THE Philippine Institute of Volcanology and Seismology (Phivolcs) on Monday advised people living in buildings and houses sitting on the Valley Fault System (VFS) to move out because they have a very small chance of surviving a 7.2 magnitude earthquake.
Phivolcs Director Renato U. Solidum Jr. said residents should first coordinate with their local officials to find out if there are other options available for them.
“If they are at the center (of the fault), we can’t do anything about it,” Solidum said at the weekly Kapihan sa Diamond forum in Ermita, Manila.
“My advise first is to discuss (with local officials). It would be drastic if they abandon (their houses) immediately. Find out possible solutions if remedies are still available to protect their houses and buildings,” he said.
Solidum said these houses or buildings can be strengthened through engineering intervention.
Concerned LGU units and Phivolcs geologists will conduct a detailed inspection and assessment of houses and buildings along the fault line to inform the public about the danger they face.
“Everybody, not just the private and government agencies, should comply with risk reduction rules. Everybody should know where the potential dangers or hazards are,” Solidum further said.
The Phivolcs, he said, will release a “How Safe is My House?” guideline so that the public can asses how they will fare in case of an earthquake.
“With that “How Safe is My House” manual, people will immediately know if their house is strong enough or otherwise. For every material that you used for your house such as hollow blocks or steel, you will get a corresponding score. If you score high, then it would mean your house is sound,” Solidum explained.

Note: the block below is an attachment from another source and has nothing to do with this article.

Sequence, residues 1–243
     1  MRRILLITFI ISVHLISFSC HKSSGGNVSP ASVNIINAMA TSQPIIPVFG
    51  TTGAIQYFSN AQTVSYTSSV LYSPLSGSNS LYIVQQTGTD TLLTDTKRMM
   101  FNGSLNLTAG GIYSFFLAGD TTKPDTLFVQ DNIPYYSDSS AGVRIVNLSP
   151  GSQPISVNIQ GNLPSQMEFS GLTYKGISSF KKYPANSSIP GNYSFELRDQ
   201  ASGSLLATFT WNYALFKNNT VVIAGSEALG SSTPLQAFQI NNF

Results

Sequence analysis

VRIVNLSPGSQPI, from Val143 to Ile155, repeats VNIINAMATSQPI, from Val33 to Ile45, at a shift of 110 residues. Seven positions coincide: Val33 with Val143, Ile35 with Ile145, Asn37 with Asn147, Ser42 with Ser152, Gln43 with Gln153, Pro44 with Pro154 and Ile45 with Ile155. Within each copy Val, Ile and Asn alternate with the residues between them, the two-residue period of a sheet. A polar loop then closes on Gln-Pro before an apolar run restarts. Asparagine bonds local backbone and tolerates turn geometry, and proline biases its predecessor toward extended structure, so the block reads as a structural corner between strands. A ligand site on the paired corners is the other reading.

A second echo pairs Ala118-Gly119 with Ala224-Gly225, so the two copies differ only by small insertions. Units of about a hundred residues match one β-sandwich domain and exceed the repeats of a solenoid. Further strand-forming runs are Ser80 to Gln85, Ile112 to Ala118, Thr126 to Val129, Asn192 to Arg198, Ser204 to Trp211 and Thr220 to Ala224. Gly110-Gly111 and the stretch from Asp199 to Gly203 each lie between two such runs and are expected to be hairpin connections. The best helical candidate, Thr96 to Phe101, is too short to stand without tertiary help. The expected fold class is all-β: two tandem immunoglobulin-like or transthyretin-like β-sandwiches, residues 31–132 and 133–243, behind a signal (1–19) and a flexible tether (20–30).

The Phivolcs, together with the Metro Manila Development Authority (MMDA), National Disaster Risk Reduction Management Council (NDRRMC) and the United Nations Development Programme (UNDP) recently launched a detailed and updated map of two major faults.
Cities and towns that traverse the 100-kilometer West Valley Fault may experience earthquakes of up to magnitude 7.2 while those near the 10-kilomter East Valley Fault may be jolted by a 6.2-magnitude earthquake.
The West Valley Fault cuts through the cities of Quezon, Marikina, Makati, Pasig, Taguig, Muntinlupa and the provinces of Bulacan (Dona Remedios Trinidad, Norzagaray, San Jose del Monte City), Rizal (Rodriguez), Laguna (San Pedro City, Biñan City, Sta. Rosa City, Cabuyao and Calamba City), and Cavite (Carmona, General Mariano Alvarez and Silang).
The East Valley Fault meanwhile lies near the towns of Rodriguez and San Mateo in Rizal province.
The MMDA meanwhile proposed to shutdown Metro Manila for a day to conduct an earthquake drill.
MMDA Chairman Francis Tolentino made the pitch when he briefed the House Committee on Metro Manila Development.
“There’ll be simultaneous exercises . . . we’ll have daytime and night time scenario. We’ll do this not to scare, but prepare. We’ll do it at least once a year. The ideal is twice a year, but once a year will be fine rather than having the “drill” when the earthquake is already happening,” Tolentino said.
“In case of the shutdown, there’ll be no traffic lights, communication lines will be down . . . Evacuation plans should be enforced. We’ll see how parents [whose children are in school], the public in transit . . . even the malls, will respond,” he added.
“Yung ‘lugi puwedeng mabawi eh, pero [ang]buhay ng tao, hindi [You can recover financial losses, but not human life],” Tolentino stressed.
The MMDA is set to hold Earthquake Rescue Skills Olympics on June 2.